Petrobras Seen Unlocking Bond Market Shuttered by Bribery Crisis

Petroleo Brasileiro SA has largely been responsible for all but shutting Brazil and its companies out of bond markets.

It’s now poised to unlock them.

The state-controlled oil producer, which is at the center of an ever-widening corruption investigation, will release audited financial results on Wednesday for the first time since August. It’s a move that HSBC Holdings Plc and Bank of America Corp. say will bolster investor confidence and help end the longest drought in overseas issuance since 2008.

The earnings will be the strongest sign yet that Petrobras is closer to resolving a crisis that’s pushed up borrowing costs in Brazil and fueled a slew of ratings downgrades. Just last week, Deputy Treasury Secretary Paulo Valle said Brazil may issue debt abroad before June. Pedro Bianchi, Bank of America’s head of debt capital markets in Brazil, said as many as seven companies are in talks to offer bonds in the coming weeks.

“Investors want to know how the whole Petrobras earnings situation will unfold,” Bianchi said from Sao Paulo. “It’s natural. We still see companies willing to sell debt.”

Bianchi, who leads Latin America’s third-biggest arranger of overseas debt sales this year, said the companies he’s held discussions with are rated investment grade, have revenue in “strong” currencies and are frequent borrowers. He declined to identify them or provide additional information.

‘Negative Environment’

Yields on Brazil’s benchmark bonds due 2025 soared as high as 5.16 percent in March before falling to 4.17 percent as of 4:20 p.m. in New York. Average borrowing costs for the nation’s companies have dropped 1 percentage point from a six-year high of 8 percent in March 17.

No Brazilian companies have sold debt overseas since Nov. 14, while the government last issued in September, data compiled by Bloomberg show.

“We didn’t tap overseas markets up to this point because we thought we had to deal with the negative environment to avoid paying additional costs,” Valle said in an interview at Bloomberg offices in Sao Paulo on April 15.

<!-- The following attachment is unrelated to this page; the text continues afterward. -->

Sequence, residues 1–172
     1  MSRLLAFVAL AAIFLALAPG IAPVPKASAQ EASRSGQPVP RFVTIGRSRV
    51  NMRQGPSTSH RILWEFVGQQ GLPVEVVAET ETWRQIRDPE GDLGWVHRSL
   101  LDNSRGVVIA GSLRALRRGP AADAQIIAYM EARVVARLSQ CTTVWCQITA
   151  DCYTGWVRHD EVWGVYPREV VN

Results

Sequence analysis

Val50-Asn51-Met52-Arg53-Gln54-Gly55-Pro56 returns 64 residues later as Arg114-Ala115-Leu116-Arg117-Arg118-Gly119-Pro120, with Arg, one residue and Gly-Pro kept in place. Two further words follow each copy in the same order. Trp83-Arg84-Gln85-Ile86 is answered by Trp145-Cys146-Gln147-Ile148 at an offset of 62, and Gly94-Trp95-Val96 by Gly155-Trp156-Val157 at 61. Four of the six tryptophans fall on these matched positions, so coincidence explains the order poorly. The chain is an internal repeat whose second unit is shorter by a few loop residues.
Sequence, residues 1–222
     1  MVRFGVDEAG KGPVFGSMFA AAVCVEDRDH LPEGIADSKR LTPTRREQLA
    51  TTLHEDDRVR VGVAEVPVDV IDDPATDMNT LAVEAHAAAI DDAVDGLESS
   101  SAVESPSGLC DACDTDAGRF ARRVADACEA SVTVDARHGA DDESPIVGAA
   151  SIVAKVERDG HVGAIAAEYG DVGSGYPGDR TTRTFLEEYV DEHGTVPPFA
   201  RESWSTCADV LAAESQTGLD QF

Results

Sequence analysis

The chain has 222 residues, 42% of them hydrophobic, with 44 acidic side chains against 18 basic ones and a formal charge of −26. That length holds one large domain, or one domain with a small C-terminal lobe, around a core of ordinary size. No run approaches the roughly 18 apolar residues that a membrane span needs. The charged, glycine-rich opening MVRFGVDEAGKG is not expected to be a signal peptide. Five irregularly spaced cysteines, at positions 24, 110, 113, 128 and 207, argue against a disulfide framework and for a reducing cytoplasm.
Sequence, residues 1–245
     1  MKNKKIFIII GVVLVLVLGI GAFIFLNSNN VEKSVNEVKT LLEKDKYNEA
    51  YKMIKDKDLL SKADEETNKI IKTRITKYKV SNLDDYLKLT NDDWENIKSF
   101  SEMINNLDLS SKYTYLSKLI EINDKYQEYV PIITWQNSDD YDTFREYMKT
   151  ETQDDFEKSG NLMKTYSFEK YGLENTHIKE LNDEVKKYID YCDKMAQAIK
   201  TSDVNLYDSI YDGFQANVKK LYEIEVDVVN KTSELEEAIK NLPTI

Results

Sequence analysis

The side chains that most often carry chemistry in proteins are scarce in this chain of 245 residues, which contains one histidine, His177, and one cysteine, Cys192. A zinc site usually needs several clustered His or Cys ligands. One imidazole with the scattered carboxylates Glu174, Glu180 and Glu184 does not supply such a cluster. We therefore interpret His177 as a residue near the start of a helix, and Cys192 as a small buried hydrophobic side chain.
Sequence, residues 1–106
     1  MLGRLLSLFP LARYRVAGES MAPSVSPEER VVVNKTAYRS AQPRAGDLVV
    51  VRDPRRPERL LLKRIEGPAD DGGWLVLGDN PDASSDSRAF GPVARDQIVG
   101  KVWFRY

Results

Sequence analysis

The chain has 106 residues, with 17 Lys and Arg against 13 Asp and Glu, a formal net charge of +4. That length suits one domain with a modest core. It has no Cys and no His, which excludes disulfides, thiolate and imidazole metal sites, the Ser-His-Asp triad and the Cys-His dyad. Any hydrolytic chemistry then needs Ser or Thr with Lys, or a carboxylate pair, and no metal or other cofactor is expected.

‘Entry Point’

JBS SA, the world’s biggest meat producer, and Marfrig Global Foods SA pulled bond sales in the weeks after federal police arrested more than 20 people in November as part of a probe into whether Petrobras executives demanded bribes from builders in exchange for contracts.

Neither company has been implicated in the probe.

Press officials for JBS didn’t respond to a phone call or e-mail seeking comment on whether it plans to revive the sale.

Marfrig will keep looking for opportunities to reduce the cost of its debt, although it hasn’t made any decision on a new bond issue, the press office said in an e-mailed statement.

“We see investors looking for an entry point in a range of Brazilian credits,” Alexei Remizov, the head of capital markets for Brazil at HSBC, Latin America’s top overseas bond underwriter, said in an e-mail.

Moody’s Investors Service cited Petrobras’s delays when it lowered the company’s rating to junk in February. The Rio de Janeiro-based oil producer said it will present audited results on April 22 for board approval.

“That would bring some normalcy back to Brazil’s capital markets,” Paulo Nepomuceno, a fixed-income strategist at brokerage Coinvalores CCVM, said from Sao Paulo.

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